Keywords: kava kava, awa, kava pepper, anxiety
On this page
- What It Is Used For
- How It Is Used
- What the Science Says
- Side Effects and Cautions
- For More Information
This fact sheet provides basic information about the herbA plant or part of a plant used for its flavor, scent, or potential therapeutic properties. Includes flowers, leaves, bark, fruit, seeds, stems, and roots. kava—common names, uses, potential side effects, and resources for more information. Kava is native to the islands of the South Pacific and is a member of the pepper family. Kava has been used as a ceremonial beverage in the South Pacific for centuries.
Common Names—kava, kava kava, awa, kava pepper
Latin Names—Piper methysticum
What It Is Used For
- Kava has been used to help people fall asleep and fight fatigue, as well as to treat asthma and urinary tract infections.
- Topically, kava has been used as a numbing agent.
- Today, kava is used primarily for anxiety, insomnia, and menopausal symptoms.
How It Is Used
The root and rhizome (underground stem) of kava are used to prepare beverages, extracts, capsules, tablets, and topical solutions.
What the Science Says
- Although scientific studies provide some evidence that kava may be beneficial for the management of anxiety, the U.S. Food and Drug Administration (FDA) has issued a warning that using kava supplements has been linked to a risk of severe liver damage.
- Kava is not a proven therapy for other uses.
- NCCAM-funded studies on kava were suspended after the FDA issued its warning.
Side Effects and Cautions
- Kava has been reported to cause liver damage, including hepatitis and liver failure (which can cause death).
- Kava has been associated with several cases of dystonia (abnormal muscle spasm or involuntary muscle movements). Kava may interact with several drugs, including drugs used for Parkinson's disease.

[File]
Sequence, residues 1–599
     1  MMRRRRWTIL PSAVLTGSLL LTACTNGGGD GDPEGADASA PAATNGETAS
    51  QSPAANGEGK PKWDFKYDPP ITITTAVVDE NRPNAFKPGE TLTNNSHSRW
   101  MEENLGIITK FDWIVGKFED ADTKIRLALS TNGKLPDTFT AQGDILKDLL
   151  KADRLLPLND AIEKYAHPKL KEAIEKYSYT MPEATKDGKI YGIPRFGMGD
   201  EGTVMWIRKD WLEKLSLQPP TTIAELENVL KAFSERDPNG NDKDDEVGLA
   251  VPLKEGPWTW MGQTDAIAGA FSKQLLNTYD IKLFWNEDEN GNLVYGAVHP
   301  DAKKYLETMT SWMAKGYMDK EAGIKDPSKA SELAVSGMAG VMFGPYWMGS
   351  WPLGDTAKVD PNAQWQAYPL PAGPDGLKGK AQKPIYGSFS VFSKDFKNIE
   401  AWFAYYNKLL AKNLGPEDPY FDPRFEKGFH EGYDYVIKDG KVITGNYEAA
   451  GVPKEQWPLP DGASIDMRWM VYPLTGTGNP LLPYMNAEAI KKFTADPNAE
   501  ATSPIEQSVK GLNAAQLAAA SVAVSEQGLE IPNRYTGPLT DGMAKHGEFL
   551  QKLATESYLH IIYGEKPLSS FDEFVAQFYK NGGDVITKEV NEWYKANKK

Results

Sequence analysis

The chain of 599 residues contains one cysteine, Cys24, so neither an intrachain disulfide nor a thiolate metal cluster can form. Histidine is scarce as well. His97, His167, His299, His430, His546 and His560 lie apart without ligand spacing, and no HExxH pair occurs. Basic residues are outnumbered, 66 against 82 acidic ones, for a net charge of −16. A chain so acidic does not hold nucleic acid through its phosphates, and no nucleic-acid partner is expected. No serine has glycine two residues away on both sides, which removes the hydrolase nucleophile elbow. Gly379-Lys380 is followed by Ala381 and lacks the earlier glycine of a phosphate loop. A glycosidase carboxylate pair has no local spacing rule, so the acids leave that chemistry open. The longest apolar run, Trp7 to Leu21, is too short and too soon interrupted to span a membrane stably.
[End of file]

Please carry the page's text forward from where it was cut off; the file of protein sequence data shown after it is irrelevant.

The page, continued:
- Long-term and/or heavy use of kava may result in scaly, yellowed skin.
- Avoid driving and operating heavy machinery while taking kava because the herb has been reported to cause drowsiness.
- Tell your health care providers about any complementary and alternative practices you use. Give them a full picture of what you do to manage your health. This will help ensure coordinated and safe care.
- National Center for Complementary and Alternative Medicine. Kava Linked to Liver Damage. National Center for Complementary and Alternative Medicine Web site. Accessed at http://nccam.nih.gov/health/alerts/kava/ on July 10, 2007.
- Kava. Natural Medicines Comprehensive Database Web site. Accessed on July 5, 2007.
- Kava (Piper methysticum G. Forst). Natural Standard Database Web site. Accessed on July 3, 2007.
- Kava kava rhizome (root). In: Blumenthal M, Goldberg A, Brinckman J, eds. Herbal Medicine: Expanded Commission E Monographs. Newton, MA: Lippincott Williams & Wilkins; 2000:221–225.
- Kava (Piper methysticum). In: Coates P, Blackman M, Cragg G, et al., eds. Encyclopedia of Dietary Supplements. New York, NY: Marcel Dekker; 2005:373–380.
- U.S. Food and Drug Administration. Kava-Containing Dietary Supplements May Be Associated With Severe Liver Injury. U.S. Food and Drug Administration Web site. Accessed on July 10, 2007.
For More Information
- What's in the Bottle? An Introduction to Dietary Supplements
- Herbal Supplements: Consider Safety, Too
The NCCAM Clearinghouse provides information on CAM and NCCAM, including publications and searches of Federal databases of scientific and medical literature. The Clearinghouse does not provide medical advice, treatment recommendations, or referrals to practitioners.
Toll-free in the U.S.: 1-888-644-6226
TTY (for deaf and hard-of-hearing callers): 1-866-464-3615
Web site: nccam.nih.gov
CAM on PubMed
Web site: nccam.nih.gov/camonpubmed/
NIH Office of Dietary Supplements
Web site: ods.od.nih.gov
NIH National Library of Medicine's MedlinePlus
Kava Listing: www.nlm.nih.gov/medlineplus/druginfo/natural/patient-kava.html
This publication is not copyrighted and is in the public domain. Duplication is encouraged.
NCCAM has provided this material for your information. It is not intended to substitute for the medical expertise and advice of your primary health care provider. We encourage you to discuss any decisions about treatment or care with your health care provider. The mention of any product, service, or therapy is not an endorsement by NCCAM.
NCCAM Publication No. D314
Created May 2006
Updated June 2008
Note: The PDF file requires a viewer such as Adobe Reader, which you can download free of charge from the Adobe Web site.